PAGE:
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The Literal Army It Takes To Get The President To Africa


Posted on June 14, 2013, at 10:50 a.m. ET

Editors' note

This post has been corrected to quote and attribute phrases that were copied from documents obtained by the Washington Post.

BuzzFeed takes its responsibility to readers very seriously, and plagiarism is a major breach of that responsibility. Please read our apology to readers here.

The President will make his first extended trip to sub-Saharan Africa this month. Obama will be going to Senegal, South Africa and Tanzania.

Leaked documents published by the Washington Post show exactly how gigantic of an undertaking this trip will be.

According to the documents, close to 200 U.S. Secret Service agents will be dispatched for the trip.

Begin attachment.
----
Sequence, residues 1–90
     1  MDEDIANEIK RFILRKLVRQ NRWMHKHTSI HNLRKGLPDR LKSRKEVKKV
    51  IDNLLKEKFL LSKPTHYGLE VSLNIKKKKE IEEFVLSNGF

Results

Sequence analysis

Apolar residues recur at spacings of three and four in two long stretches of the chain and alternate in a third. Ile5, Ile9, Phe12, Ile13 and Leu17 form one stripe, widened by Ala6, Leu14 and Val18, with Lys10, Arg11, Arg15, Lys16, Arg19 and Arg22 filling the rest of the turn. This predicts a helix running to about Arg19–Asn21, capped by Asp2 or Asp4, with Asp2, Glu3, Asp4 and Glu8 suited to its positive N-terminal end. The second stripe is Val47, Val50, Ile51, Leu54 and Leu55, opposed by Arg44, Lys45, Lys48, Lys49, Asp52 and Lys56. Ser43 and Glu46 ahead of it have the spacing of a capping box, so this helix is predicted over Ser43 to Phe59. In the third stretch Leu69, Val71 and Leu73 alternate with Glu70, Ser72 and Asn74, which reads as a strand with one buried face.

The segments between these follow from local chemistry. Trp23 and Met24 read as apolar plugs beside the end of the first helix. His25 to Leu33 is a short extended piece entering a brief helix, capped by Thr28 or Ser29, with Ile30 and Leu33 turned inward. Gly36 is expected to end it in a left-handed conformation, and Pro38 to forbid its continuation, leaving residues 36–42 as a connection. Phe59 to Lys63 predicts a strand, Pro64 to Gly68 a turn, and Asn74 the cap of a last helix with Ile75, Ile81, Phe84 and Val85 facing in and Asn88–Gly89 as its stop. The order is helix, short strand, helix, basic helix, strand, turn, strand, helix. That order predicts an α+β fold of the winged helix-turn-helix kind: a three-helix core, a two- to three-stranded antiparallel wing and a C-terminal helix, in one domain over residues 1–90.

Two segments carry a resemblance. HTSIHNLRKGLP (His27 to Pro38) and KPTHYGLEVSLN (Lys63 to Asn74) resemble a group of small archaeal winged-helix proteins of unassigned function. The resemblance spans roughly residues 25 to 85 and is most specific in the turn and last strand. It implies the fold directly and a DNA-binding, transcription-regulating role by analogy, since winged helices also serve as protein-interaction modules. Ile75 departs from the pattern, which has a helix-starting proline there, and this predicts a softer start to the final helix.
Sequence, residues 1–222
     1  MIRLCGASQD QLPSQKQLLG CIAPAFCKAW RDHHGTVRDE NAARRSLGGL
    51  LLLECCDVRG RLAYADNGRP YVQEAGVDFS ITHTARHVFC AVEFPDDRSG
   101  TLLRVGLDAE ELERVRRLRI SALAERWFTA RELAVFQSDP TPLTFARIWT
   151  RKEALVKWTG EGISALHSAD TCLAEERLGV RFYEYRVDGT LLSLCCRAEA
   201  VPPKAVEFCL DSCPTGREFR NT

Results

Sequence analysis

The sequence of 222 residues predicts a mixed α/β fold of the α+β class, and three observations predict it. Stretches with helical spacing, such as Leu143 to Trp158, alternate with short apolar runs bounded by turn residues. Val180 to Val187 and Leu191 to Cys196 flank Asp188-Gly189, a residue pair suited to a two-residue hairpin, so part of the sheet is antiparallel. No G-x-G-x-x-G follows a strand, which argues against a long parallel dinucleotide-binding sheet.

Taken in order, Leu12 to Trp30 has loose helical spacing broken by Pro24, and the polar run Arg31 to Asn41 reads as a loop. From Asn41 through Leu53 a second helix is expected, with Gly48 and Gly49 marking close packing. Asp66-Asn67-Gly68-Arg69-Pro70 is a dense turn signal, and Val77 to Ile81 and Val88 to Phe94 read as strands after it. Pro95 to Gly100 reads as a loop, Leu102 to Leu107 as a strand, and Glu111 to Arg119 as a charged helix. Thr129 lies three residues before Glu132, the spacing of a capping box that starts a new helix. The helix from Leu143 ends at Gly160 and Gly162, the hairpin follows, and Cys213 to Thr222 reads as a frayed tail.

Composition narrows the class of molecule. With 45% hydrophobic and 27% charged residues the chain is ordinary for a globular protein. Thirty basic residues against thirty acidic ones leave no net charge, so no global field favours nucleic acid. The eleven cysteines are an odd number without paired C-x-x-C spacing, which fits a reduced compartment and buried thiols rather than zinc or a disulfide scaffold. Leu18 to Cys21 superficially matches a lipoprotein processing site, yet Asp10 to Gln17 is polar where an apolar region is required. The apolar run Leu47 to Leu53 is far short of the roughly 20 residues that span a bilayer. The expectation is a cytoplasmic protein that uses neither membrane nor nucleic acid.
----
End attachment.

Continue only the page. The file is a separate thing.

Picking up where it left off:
Jacquelyn Martin / AP

"A navy aircraft carrier, with a fully staffed medical trauma center, will be stationed offshore in case of an emergency."

24 hours a day, fighter jets will patrol the airspace above the President so they can "intervene quickly" in case of an emergency.

"Military cargo planes will airlift in 56 support vehicles."

Of these 56 support vehicles, 14 will be limousines.


There will be a "truck that jams radio frequencies around the presidential motorcade," according to the documents.

A "fully loaded ambulance that can handle biological or chemical contaminants."

And a truck for X-ray equipment.

And the vehicles will also include trucks loaded with sheets of bulletproof glass.

The glass will be installed to "cover the windows of the hotels where the first family will stay," according to the documents.

It is important to note that the President travels with this assortment of vehicles almost everywhere he goes.

But since the African trip's stops are in quick succession, THREE OF EACH vehicle are required for each leg of the trip.

The cost of the trip is expected to be between 60 and 100 million dollars.

That would make this the most expensive trip in Obama's tenure.

Yuri Gripas / Reuters

Have a safe trip Mr. President!

Rich Schultz / AP

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